Most of the wearable fitness device research to date has focused in diseases associated with low levels of physical activity, namely cardiovascular disease, diabetes, and cancer. Few have focused on asthma and of the studies conducted in asthma populations, all have honed in on the use of Fitbit-derived sleep measures (i.e., sleep quality). Castner et al. used the Fitbit Charge™ to validate sleep measures in women with asthma [18••]. The sleep measures collected by the Fitbit were compared with Actigraph GT3X +, a well-known and validated device to collect sleep measures [19, 20]. The Fitbit device tended to overestimate sleep efficiency and underestimate wake counts compared with actigraphy. Two additional studies were conducted in pediatric populations and focused on correlating Fitbit-derived sleep measures to patient-reported outcomes such as asthma control and asthma impact [21, 22]. Bian and colleagues assessed the association between self-reported asthma impact and Fitbit-derived sleep quality (the ratio of minutes asleep to minutes in bed) and physical activity measures (daily minutes of moderate and vigorous activity) in adolescents with asthma [21]. Fitbit-derived sleep quality was moderately correlated with Patient-Reported Outcomes Measurement Information System (PROMIS) sleep disturbance score (r = − 0.31, P = 0.01) and had a weak but significant correlation with the PROMIS pediatric asthma impact score (average r = − 0.18, P = 0.02). Fitbit-derived physical activity levels were not associated with PROMIS pediatric asthma impact (r = 0.04, P = 0.62). These findings suggest that measurement of sleep quality, using the Fitbit device, may help develop personalized asthma management strategies for children and their caregivers in real time. The final study measured several mobile metrics of asthma including physical activity and sleep using Fitbits, forced expiratory volume in 1 s and peak expiratory flow, indoor air quality using Foobot (https://foobot.io/), and a mobile app that collected information on asthma control (symptoms, physical limitations due to asthma, nighttime awakenings, and medication intake) [22]. These metrics were used together to digitally phenotype children with asthma and provide a better measure of the patient’s asthma control to their clinician when compared with the Asthma Control Test scores taken infrequently during clinic visits. Additional work using this ecological metric of asthma control is needed and may be used in the future to generate insights on the relationship between a patient’s asthma symptoms and triggers across different seasons [23].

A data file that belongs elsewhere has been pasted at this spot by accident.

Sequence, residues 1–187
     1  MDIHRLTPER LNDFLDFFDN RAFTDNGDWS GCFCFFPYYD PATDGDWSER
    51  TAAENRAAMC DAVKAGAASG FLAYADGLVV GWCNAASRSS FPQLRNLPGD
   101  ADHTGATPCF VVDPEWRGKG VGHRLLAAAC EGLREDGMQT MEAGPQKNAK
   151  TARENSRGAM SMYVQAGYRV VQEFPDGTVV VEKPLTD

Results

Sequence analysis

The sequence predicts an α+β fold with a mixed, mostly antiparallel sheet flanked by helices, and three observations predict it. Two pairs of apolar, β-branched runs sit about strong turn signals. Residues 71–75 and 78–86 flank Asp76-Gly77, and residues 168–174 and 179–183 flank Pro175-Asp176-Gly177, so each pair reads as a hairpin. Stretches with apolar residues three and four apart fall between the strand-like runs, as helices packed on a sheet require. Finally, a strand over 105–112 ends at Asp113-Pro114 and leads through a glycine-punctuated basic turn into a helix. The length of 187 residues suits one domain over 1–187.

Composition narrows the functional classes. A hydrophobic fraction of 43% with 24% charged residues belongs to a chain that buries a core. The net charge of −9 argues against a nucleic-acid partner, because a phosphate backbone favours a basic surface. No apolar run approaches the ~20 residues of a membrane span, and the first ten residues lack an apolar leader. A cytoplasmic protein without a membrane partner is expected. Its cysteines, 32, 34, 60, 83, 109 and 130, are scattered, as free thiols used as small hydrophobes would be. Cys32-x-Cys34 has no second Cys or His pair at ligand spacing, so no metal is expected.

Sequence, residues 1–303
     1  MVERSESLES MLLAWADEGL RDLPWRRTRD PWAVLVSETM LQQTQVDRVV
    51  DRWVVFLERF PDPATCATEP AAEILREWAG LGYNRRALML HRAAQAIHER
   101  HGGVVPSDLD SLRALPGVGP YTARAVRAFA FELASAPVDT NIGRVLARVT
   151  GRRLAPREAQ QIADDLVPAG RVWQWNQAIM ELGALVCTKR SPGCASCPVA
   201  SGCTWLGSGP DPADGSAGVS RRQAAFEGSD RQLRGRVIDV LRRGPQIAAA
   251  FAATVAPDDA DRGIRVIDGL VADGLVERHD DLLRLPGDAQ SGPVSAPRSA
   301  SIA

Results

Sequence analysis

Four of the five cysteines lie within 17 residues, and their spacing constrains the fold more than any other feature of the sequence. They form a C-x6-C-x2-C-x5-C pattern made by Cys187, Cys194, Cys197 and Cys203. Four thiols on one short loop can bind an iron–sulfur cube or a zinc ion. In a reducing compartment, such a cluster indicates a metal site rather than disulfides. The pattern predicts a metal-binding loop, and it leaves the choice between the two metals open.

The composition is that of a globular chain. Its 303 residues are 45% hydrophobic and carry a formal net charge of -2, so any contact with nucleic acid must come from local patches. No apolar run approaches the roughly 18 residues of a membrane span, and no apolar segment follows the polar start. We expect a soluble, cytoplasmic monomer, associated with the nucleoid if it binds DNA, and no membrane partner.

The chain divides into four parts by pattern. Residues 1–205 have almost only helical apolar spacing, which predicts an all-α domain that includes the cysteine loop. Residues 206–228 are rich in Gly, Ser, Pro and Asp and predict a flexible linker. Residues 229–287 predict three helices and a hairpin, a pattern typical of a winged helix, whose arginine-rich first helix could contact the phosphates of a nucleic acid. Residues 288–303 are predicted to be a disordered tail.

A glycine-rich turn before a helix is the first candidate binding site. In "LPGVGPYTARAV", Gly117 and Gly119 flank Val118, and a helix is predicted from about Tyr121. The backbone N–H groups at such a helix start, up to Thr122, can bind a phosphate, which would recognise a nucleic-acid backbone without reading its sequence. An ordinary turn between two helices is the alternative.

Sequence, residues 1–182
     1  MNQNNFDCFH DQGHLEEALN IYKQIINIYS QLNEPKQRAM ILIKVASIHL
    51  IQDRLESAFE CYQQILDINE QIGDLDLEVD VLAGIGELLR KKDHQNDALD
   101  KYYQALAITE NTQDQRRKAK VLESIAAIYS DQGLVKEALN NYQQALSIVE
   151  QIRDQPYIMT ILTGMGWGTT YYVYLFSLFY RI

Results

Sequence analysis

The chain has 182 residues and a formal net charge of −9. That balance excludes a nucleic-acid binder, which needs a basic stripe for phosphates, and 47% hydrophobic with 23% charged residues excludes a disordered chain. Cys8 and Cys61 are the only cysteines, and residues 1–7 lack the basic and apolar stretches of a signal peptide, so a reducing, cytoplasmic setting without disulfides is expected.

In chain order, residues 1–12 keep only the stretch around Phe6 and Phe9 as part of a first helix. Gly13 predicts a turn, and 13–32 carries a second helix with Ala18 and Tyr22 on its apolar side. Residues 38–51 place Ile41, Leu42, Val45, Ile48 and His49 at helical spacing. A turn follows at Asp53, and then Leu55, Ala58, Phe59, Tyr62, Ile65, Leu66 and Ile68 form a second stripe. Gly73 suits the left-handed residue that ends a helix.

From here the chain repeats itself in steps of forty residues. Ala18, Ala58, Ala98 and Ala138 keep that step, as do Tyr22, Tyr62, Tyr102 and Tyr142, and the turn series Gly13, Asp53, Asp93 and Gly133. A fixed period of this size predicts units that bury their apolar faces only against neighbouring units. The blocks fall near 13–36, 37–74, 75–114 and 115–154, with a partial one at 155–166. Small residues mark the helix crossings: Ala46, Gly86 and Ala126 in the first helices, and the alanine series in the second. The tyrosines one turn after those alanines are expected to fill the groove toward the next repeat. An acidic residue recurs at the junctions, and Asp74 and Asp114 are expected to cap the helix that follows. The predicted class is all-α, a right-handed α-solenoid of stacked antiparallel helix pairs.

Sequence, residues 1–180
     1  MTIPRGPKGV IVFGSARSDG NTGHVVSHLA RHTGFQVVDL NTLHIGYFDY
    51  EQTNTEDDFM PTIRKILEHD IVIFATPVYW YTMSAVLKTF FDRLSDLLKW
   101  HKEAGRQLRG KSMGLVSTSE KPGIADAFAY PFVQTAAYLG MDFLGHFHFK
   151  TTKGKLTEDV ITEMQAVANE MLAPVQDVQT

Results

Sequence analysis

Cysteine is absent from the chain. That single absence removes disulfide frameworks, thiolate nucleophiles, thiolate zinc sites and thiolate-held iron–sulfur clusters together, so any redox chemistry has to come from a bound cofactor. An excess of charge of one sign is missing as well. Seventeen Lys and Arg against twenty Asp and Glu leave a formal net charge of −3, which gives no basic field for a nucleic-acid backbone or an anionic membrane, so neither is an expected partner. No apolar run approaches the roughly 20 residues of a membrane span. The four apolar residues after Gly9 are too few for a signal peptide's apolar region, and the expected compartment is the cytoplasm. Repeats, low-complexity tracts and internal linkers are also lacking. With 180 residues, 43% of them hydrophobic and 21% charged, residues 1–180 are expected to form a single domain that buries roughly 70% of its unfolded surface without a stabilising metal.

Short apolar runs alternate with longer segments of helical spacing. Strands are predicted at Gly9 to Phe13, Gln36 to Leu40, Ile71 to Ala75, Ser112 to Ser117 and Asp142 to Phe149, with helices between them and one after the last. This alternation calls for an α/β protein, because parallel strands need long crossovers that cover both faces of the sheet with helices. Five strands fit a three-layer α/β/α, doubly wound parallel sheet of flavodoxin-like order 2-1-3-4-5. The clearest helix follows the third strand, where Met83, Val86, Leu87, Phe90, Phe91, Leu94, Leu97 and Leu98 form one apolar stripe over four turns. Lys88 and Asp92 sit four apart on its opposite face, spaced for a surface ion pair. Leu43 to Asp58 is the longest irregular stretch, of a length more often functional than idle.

Acoustic monitoring is another type of wearable devices that has been studied in asthma. Breathing sound measured by microphones over human skin can detect breathing patterns (respiratory rate, flow rate, tidal volume) and symptoms that may be due to asthma (wheeze, cough). Moreover, chest movement signals can be acquired using an accelerometer or belt-shaped device [24, 25]. Boner et al. measured the nocturnal wheeze in children with asthma using an acoustic respiratory monitor. They found that among children with apparently well-controlled asthma, 57% had considerable amounts of night wheezing that was unrelated to conventional measures of lung function [26]. The use of these continual wearable monitoring systems is still a developing field that needs further study on its clinical impact.